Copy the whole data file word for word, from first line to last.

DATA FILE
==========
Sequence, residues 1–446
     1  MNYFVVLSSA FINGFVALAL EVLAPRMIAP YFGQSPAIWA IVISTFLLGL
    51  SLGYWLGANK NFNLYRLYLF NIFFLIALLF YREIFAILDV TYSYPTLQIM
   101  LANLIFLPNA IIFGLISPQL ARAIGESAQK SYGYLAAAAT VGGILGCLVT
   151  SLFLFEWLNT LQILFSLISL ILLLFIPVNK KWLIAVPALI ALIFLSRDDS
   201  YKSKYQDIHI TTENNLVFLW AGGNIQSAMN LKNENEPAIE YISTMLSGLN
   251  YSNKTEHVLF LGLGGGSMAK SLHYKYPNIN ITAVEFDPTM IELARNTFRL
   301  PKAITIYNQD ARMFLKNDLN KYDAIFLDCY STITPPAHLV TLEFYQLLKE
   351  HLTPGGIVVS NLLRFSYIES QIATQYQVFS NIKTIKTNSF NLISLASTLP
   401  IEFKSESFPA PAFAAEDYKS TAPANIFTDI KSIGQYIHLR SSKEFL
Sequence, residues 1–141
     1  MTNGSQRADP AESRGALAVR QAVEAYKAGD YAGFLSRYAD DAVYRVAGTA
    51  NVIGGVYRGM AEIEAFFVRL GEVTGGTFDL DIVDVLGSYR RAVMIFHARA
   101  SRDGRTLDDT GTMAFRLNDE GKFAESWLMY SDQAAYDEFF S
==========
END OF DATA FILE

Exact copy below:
Sequence, residues 1–446
     1  MNYFVVLSSA FINGFVALAL EVLAPRMIAP YFGQSPAIWA IVISTFLLGL
    51  SLGYWLGANK NFNLYRLYLF NIFFLIALLF YREIFAILDV TYSYPTLQIM
   101  LANLIFLPNA IIFGLISPQL ARAIGESAQK SYGYLAAAAT VGGILGCLVT
   151  SLFLFEWLNT LQILFSLISL ILLLFIPVNK KWLIAVPALI ALIFLSRDDS
   201  YKSKYQDIHI TTENNLVFLW AGGNIQSAMN LKNENEPAIE YISTMLSGLN
   251  YSNKTEHVLF LGLGGGSMAK SLHYKYPNIN ITAVEFDPTM IELARNTFRL
   301  PKAITIYNQD ARMFLKNDLN KYDAIFLDCY STITPPAHLV TLEFYQLLKE
   351  HLTPGGIVVS NLLRFSYIES QIATQYQVFS NIKTIKTNSF NLISLASTLP
   401  IEFKSESFPA PAFAAEDYKS TAPANIFTDI KSIGQYIHLR SSKEFL
Sequence, residues 1–141
     1  MTNGSQRADP AESRGALAVR QAVEAYKAGD YAGFLSRYAD DAVYRVAGTA
    51  NVIGGVYRGM AEIEAFFVRL GEVTGGTFDL DIVDVLGSYR RAVMIFHARA
   101  SRDGRTLDDT GTMAFRLNDE GKFAESWLMY SDQAAYDEFF S